Citizen science: Using socks to sample environmental pathogens

This paper introduces a novel method for sampling pathogens in natural environments. It uses fabric boot socks worn over walkers’ shoes to allow the collection of composite samples over large areas. Wide-area sampling is better suited to studies focusing on human exposure to pathogens (e.g., recreational walking).

This sampling method is implemented using a citizen science approach: groups of three walkers wearing boot socks undertook one of six routes, 40 times over 16 months in the North West (NW) and East Anglian (EA) regions of England.

To validate this methodology, we report the successful implementation of this citizen science approach, the observation that Campylobacter bacteria were detected on 47% of boot socks, and the observation that multiple boot socks from individual walks produced consistent results. The findings indicate higher Campylobacter levels in the livestock-dominated NW than in EA (55.8% versus 38.6%). Seasonal differences in the presence of Campylobacter bacteria were found between the regions, with indications of winter peaks in both regions but a spring peak in the NW. The presence of Campylobacter bacteria on boot socks was negatively associated with ambient temperature (P = 0.011) and positively associated with precipitation (P < 0.001), results consistent with our understanding of Campylobacter survival and the probability of material adhering to boot socks. Campylobacter jejuni was the predominant species found; Campylobacter coli was largely restricted to the livestock-dominated NW. Source attribution analysis indicated that the potential source of C. jejuni was predominantly sheep in the NW and wild birds in EA but did not differ between peak and nonpeak periods of human incidence.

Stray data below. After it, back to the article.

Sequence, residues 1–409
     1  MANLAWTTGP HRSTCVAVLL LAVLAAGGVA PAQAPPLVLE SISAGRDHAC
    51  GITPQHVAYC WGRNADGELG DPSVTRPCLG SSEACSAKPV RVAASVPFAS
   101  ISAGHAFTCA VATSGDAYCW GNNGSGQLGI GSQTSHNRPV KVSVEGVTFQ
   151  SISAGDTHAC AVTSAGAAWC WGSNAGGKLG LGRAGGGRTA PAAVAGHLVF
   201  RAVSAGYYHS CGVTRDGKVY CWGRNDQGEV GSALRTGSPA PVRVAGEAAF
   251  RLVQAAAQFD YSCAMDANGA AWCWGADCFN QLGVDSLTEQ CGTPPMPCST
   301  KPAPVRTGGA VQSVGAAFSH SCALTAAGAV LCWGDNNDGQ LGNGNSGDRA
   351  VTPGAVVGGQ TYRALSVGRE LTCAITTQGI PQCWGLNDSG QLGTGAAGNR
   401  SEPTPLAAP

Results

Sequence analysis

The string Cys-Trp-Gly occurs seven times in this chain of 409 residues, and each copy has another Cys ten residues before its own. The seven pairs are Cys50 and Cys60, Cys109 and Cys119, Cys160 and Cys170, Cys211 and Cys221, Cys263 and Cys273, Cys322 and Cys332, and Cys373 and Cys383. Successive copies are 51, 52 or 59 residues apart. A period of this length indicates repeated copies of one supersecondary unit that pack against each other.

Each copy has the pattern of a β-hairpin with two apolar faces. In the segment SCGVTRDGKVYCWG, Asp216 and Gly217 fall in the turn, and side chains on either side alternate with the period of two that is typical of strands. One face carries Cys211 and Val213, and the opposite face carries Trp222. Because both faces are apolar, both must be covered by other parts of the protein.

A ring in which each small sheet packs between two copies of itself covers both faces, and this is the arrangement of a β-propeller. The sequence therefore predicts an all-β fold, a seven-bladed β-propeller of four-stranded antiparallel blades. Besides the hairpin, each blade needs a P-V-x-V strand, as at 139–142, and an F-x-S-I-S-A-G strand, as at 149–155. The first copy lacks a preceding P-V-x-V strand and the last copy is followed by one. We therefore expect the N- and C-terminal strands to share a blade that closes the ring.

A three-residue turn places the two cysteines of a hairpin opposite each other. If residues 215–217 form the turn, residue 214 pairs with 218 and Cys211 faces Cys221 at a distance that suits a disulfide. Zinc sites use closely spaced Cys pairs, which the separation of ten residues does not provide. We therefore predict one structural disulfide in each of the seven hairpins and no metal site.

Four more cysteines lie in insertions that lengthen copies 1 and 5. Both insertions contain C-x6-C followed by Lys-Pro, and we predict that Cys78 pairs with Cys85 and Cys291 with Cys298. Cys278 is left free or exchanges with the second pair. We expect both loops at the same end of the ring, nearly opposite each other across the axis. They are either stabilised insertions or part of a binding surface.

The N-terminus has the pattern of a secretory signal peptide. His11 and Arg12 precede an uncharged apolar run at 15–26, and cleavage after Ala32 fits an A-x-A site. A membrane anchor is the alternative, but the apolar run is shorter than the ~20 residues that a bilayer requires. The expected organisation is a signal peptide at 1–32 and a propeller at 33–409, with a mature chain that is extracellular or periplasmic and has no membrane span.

Novel sampling method for assessing human-pathogen interactions in the natural environment using boot socks and citizen scientists, with application to campylobacter seasonality

Applied and Environment Microbiology, July 2017, vol. 83, no. 14, Natalia R. Jonesa, Caroline Millmanb, Mike van der Esc, Miroslava Hukelovab, Ken J. Forbesd, Catherine Glovere, Sam Haldenbyf, Paul R. Hunterc, Kathryn Jacksonf, Sarah J. O’Brieng, Dan Rigbyb, Norval J. C. Strachanh, Nicola Williamse, Iain R. Lakea, doi: 10.1128/AEM.00162-17